This morning at Blackfen we celebrated Missa Cantata Pro Eligendo Summo Pontifice with Mass IV and Credo VI. Here is the text of my sermon for the Mass:
I will not leave you orphans (Jn 14.18)
Arguing against the Donatists, St Augustine explained that in this world, the Church is composed of saints and sinners and that the Church tries to correct the sinners:
“Therefore it is the same Church also which within the Lord’s net is swimming along with the bad fishes, but is in heart and in life separated from them, and departs from them, that she may be presented to her Lord a glorious Church, not having spot or wrinkle. But the actual visible separation she looks for only on the sea-shore, that is, at the end of the world—meanwhile correcting as many as she can, and bearing with those whom she cannot correct; but she does not abandon the unity of the good because of the wickedness of those whom she finds incorrigible.” (Epistulae 93.9.34)The Pope Emeritus, Benedict XVI alluded to this expression of St Augustine last October in an impromptu address:
“In these years, we have seen that there is discord in the vineyard of the Lord, we have seen that in the net of Peter (St Peter, the first apostle) there are bad fish, that human fragility exists even in the Church.”The Church is both human and divine. It is divine because it is founded by Christ, and because it is the mystical body of Christ who is its Head. The Church is holy because it gives us the sacraments, the great and powerful channels of grace, and because it is preserved by Christ in the truth which, in her universal ordinary magisterium, in the definitions of her General Councils, and in the extraordinary magisterium of the Roman Pontiff, she teaches with the assistance of Christ and without admixture of error.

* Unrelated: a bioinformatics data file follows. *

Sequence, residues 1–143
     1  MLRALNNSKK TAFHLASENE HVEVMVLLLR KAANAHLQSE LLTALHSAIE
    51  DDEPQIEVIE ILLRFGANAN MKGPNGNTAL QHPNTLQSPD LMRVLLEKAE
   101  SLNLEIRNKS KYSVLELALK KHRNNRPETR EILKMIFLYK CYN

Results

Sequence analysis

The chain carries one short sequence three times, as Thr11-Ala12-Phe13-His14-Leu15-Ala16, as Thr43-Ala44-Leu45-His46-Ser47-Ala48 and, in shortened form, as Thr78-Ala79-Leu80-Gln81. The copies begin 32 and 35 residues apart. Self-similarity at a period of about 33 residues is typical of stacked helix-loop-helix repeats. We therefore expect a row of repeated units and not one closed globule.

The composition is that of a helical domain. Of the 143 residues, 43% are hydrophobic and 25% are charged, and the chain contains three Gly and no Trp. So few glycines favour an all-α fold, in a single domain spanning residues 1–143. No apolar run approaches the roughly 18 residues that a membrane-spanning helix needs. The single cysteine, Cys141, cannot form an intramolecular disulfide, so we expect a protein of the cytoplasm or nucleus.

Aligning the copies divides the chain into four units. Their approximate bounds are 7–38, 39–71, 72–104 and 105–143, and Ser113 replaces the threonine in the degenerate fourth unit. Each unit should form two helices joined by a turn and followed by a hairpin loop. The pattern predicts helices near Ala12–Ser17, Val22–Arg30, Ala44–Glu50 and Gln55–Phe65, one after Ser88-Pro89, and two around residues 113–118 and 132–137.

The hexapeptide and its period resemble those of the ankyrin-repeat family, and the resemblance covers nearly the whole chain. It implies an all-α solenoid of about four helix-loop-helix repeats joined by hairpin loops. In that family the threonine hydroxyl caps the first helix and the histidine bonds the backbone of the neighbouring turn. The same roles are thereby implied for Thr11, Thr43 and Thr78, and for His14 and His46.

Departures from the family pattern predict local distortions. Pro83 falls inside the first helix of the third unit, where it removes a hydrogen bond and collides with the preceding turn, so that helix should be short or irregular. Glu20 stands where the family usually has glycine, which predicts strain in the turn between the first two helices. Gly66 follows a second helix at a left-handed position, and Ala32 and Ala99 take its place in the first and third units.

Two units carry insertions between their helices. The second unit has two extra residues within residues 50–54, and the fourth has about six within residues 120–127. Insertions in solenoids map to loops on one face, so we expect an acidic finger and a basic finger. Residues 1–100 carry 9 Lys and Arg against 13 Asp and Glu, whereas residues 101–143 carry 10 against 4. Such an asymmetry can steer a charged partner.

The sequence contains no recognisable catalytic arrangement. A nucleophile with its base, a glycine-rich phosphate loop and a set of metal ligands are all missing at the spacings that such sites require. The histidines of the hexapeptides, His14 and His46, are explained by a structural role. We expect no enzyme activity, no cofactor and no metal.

In her government, the Church is not preserved from error as many historical examples show. Nor does the Lord promise that all ecclesiastical appointments will be chosen by the Holy Spirit. Sometimes there are very bad appointments.
Hence we pray earnestly today and for the forthcoming indefinite period, for the appointment of a good Pope. Specifically we pray in the Collect of the Mass for a Pope who will be always pleasing to God by his zeal for us, and that he will be honoured by us for his salubre regimen. This is often translated as “good government” but the word salubris has a richer meaning. Lewis and Short give the definition as follows:
Salubris: health-giving, promoting health, healthful, wholesome, salubrious; salutary, serviceable, advantageous, beneficialWe plead before God for a Pope who will give us such government. It is not necessary that he be filled with all the necessary qualities now as Cardinal. We also pray that whatever his human shortcomings, God will give the chosen man the grace of state that he needs, and that the Church needs at this time.
We do not pray presumptuously. God permits evil to happen and sometimes (if we are not to dismiss large chunks of the writing of the saints and spiritual masters) we must accept that this is for our punishment. We richly deserve it for our sins, negligence and sloth. Therefore we must pray humbly and in tears, begging God to have mercy on us. If He does see fit, in His inscrutable providence, to send us the great Pope that we long for, our hearts must be filled not simply with joy and triumph but also with humble and sincere thanksgiving that God has favoured us once more.